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Food Label Claims That Mean Nothing (Part 2): “Fat Free”

If you have taken the advice from the latest magazine or your doctor, you been buying low fat foods because you thought they were healthier. Unfortunately, eating low fat foods may actually be putting your health at risk and is perhaps my biggest pet peeve at the grocery store.

Let me start from the top.

Some of the many reasons people flock to fat free foods:
Myth a) eating fat makes you fat and therefore eating fat-free means you will someday also be fat-free (or at least lose weight)
Myth b) fat free automatically equals healthy, because we all know eating fat gives you heart disease
Myth c) fat-free means you can eat as much as you want and not get fat.

Sorry folks, none of these are remotely true. In one sense, this label claim is not breaking any rules – products listed as fat free are indeed free of fat (or very close to it). But, our interpretation of the effects on our body are not accurate.

By my earlier posts, you may already know that I’m not a supporter of low fat diets. This is why.

When you take the fat out of food, it tastes like cardboard, so food companies must trick you into liking them.

They do this by adding lots of sugar (who doesn’t like sweet!), artificial flavorings, and emulsifiers or thickeners (to give it that rich, buttery mouthfeel).

Before you buy a food marketed as fat-free, do an ingredient check. If the ingredients are simple and easily pronounceable, it is likely a good product, regardless of fat content.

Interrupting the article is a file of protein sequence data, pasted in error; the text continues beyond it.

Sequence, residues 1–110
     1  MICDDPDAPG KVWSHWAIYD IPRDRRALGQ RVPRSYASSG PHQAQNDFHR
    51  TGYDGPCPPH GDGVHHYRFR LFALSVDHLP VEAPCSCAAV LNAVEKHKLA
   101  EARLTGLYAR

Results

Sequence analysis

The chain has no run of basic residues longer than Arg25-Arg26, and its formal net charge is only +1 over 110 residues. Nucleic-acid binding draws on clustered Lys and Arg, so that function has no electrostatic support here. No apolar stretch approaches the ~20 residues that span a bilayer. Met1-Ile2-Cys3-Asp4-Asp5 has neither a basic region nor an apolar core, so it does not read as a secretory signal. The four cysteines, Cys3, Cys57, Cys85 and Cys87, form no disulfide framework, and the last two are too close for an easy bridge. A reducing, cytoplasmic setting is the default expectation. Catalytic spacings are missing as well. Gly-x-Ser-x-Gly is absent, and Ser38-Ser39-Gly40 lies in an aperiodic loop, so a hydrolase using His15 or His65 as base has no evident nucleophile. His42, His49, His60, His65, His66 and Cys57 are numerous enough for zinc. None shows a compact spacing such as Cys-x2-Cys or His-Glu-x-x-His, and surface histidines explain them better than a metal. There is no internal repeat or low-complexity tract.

If there is a real, full-fat alternative, chances are the ingredients are simpler (and the product tastes better!).

I like to look at sour cream as an example. Check it out for yourself.
If the product is sour CREAM, you should be buying sour cream, not fat-free milk, dried corn syrup, and modified food starch (plus the token flavors, thickeners, emulsifiers and artificial colors).

Not only are the ingredients worse in the Fat-Free Sour Cream, but these non-fat products are horrible for your body. You have a deadly combination of high sugar and low fat.

Eating sugar and carbohydrates spike your blood sugar.  Eating fat does not. When you eat high sugar, fat-free food (especially one that is low in protein and fiber as well), your blood sugar spikes, then your insulin spikes, then insulin tells your body to store the excess sugar as fat. Your body rapidly lowers your blood sugar (because it knows that too much sugar in the blood is highly toxic).

Now you have low blood sugar and your body thinks you are starving, so it triggers your appetite to eat more food, especially food that will raise your blood sugar quickly – sugar and carbohydrates. The cycle continues. For most, this will lead to binge eating carbohydrates, mood swings, headaches, and energy lows. For some, this may even lead to pre-diabetes or type 2 diabetes.

Save yourself from tasteless food, sketchy ingredients, and the health risks. Eat real food that still contains the fat it was meant to contain. That means full-fat yogurt, cheese, sour cream, cream , and real butter (from grassfed cows!), nuts, coconut, avocados, olives, pasture-raised meat, poultry, and eggs (with the yolks!).
Your body and your taste buds will thank you.

Veggies: Eat them because you want to, not because you have to

Your guide to making vegetables taste seriously good

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Lily Nichols is a Registered Dietitian/Nutritionist, Certified Diabetes Educator, researcher, and author with a passion for evidence-based prenatal nutrition and exercise. Her work is known for being research-focused, thorough, and unapologetically critical of outdated dietary guidelines. She is the author of two bestselling books, Real Food for Pregnancy and Real Food for Gestational Diabetes.

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